For thirteen years, I have passed by Jose Laurel Street from home to school and back. Little did I know that taking a turn towards the rather sequestered San Rafael Street will I find an awe-inspiring home built in 1937 – not until today at least.
It was a usual lazy Sunday night when all we wanted was to have a simple dinner at a nearby restaurant so we can retire to our evening television later on. Out of a random suggestion and googling, we ended up in an ancestral home hiding within the quiet neighborhood of San Miguel Manila. A signboard that says “La Cocina de Tita Moning”, open gates and lights gave us the confidence to drive in even though no one was in sight. After confirming with the lone security guard further down the driveway that they will be able to accommodate a party of four without reservations, we parked the car right beside the patio.
Pillars decked with tivoli lights held a roof over the stoned patio where we chose our meal for the evening from the menu. After 30 minutes of snacking on the complimentary queso de bola toasts and lemongrass iced-tea, we were led inside by Amber – one of the tour guides. Apparently, dining here includes a tour of The Legarda Mansion.
From the exteriors, any Filipino will feel nostalgic of their grandparents’ homes. A short flight of stairs led us inside the wooden home. The first room we entered has a heavenly scent for any bookworm. The library is a huge showcase of tea-stained books and classic couches where the family took time to read and sip from glasses of liquor. The next room right across the library is an amazing display of archaic photography paraphernalia – none of which are digital. Opening another door within this room leads to the clinic of the Don of this house – Dr. Alejandro Legarda Sr. A startling preserved human skeleton stands alongside an old x-ray machine and other medical equipment.
A Zalameda painting that costs millions of pesos hang at the foot of the stairs which brought us to the living room. The room had more paintings by other infamous Filipino artists Felix Resurreccion Hidalgo and Juan Luna. Other frames featured family portraits and lovely memories kept alive in this home. Amber then led us into a room filled with all sorts of bulky radio boxes which she said were used as Skype when the Legarda children studied abroad away from their parents. A collection of papier maches were preserved in good condition – all handcrafted by no other than Ramona Legarda or Tita Moning herself. The last room was a chic display of the girls’ ballet shoes, lacey dresses and mirrors that kept them pretty.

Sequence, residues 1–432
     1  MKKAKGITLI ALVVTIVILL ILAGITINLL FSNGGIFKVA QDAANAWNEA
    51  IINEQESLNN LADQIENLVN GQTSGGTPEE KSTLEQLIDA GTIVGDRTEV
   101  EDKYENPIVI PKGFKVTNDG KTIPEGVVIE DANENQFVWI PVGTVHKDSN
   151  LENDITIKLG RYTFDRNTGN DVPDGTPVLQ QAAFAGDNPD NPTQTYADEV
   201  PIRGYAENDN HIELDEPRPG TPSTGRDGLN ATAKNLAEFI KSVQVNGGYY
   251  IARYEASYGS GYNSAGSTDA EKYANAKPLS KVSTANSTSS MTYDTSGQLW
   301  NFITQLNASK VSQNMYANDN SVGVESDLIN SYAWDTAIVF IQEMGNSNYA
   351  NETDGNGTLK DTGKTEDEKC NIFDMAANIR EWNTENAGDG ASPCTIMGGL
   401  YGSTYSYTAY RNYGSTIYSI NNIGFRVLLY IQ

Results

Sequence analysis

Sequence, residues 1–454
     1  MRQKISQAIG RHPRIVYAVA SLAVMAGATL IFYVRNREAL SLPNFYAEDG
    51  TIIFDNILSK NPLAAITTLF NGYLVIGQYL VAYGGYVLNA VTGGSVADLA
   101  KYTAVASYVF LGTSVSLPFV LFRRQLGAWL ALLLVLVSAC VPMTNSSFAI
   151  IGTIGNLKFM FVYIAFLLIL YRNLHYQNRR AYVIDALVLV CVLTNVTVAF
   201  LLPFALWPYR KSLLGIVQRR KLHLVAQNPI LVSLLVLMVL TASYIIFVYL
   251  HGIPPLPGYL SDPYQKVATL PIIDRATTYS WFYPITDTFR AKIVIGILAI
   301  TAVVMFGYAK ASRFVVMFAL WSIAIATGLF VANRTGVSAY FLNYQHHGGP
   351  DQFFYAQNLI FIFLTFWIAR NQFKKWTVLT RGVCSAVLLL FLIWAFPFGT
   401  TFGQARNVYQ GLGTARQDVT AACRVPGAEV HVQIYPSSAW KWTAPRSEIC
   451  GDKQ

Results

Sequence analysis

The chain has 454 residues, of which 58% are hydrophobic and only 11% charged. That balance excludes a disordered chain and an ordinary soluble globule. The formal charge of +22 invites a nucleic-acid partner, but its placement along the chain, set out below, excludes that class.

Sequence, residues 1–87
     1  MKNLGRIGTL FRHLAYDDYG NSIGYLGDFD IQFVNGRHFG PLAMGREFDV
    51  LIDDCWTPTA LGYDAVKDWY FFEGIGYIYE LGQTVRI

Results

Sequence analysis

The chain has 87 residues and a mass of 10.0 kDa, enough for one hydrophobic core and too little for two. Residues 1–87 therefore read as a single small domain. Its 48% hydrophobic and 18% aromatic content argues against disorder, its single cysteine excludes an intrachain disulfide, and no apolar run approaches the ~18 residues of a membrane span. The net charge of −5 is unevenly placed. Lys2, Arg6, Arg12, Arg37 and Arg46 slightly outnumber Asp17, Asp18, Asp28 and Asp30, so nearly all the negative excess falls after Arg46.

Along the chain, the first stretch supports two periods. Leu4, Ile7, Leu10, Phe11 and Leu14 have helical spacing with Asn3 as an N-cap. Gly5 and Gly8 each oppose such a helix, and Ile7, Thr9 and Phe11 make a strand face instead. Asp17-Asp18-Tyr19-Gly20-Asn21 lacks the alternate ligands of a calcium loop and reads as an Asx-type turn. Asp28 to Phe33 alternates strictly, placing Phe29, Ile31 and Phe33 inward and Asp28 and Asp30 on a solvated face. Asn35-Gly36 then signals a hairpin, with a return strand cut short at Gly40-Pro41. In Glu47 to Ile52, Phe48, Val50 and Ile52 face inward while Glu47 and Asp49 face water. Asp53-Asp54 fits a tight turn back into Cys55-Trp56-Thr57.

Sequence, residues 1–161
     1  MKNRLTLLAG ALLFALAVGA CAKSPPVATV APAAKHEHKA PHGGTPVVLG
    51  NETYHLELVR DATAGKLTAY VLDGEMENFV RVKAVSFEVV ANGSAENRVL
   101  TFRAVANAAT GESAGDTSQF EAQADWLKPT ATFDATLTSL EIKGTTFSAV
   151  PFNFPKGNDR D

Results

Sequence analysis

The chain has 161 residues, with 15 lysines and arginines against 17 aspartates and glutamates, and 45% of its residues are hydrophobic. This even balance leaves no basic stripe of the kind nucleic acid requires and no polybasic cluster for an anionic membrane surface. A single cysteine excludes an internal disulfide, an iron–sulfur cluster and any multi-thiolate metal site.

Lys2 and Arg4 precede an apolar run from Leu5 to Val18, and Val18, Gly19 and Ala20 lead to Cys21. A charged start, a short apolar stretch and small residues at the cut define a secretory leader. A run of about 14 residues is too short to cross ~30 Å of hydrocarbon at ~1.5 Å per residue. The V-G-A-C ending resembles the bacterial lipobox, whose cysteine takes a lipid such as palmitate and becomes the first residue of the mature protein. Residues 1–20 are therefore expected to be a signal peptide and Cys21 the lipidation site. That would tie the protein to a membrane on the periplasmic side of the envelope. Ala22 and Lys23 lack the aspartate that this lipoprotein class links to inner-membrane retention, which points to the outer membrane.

As today is the Feast of the Three Kings – and marks the last day of the Philippine Christmas season, an adorned tree welcomed us into the dining area. Covered in red, the table was topped with fine dinnerware complete with scattered petals of red, white and pink roses at the foot of a fragile Italian centerpiece from the 1920s. Salad came after the bread, and all the other courses were served as if we were hosted by Tita Moning in a party back in the 1930s. All vegetables and herbs were home-grown as proven by the unparalleled freshness in each bite. After capping the fine meal off with the scrumptious bread and butter pudding, we rang the golden bell on the edge of our table and paid for the bill.
As a little note of thanks to the kind staff with simple dreams listed in a brochure on our table, we signed their guestbook and drove back home after spending three, unexpectedly memorable, hours in the Legarda Mansion.